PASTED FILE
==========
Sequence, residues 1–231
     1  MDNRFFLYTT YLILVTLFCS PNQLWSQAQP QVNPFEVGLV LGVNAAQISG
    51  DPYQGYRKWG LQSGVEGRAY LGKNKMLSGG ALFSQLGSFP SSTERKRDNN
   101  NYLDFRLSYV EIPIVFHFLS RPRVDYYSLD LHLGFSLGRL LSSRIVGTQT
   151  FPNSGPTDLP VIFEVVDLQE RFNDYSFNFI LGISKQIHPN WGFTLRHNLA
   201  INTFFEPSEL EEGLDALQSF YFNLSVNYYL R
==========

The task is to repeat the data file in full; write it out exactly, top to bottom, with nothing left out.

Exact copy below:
Sequence, residues 1–231
     1  MDNRFFLYTT YLILVTLFCS PNQLWSQAQP QVNPFEVGLV LGVNAAQISG
    51  DPYQGYRKWG LQSGVEGRAY LGKNKMLSGG ALFSQLGSFP SSTERKRDNN
   101  NYLDFRLSYV EIPIVFHFLS RPRVDYYSLD LHLGFSLGRL LSSRIVGTQT
   151  FPNSGPTDLP VIFEVVDLQE RFNDYSFNFI LGISKQIHPN WGFTLRHNLA
   201  INTFFEPSEL EEGLDALQSF YFNLSVNYYL R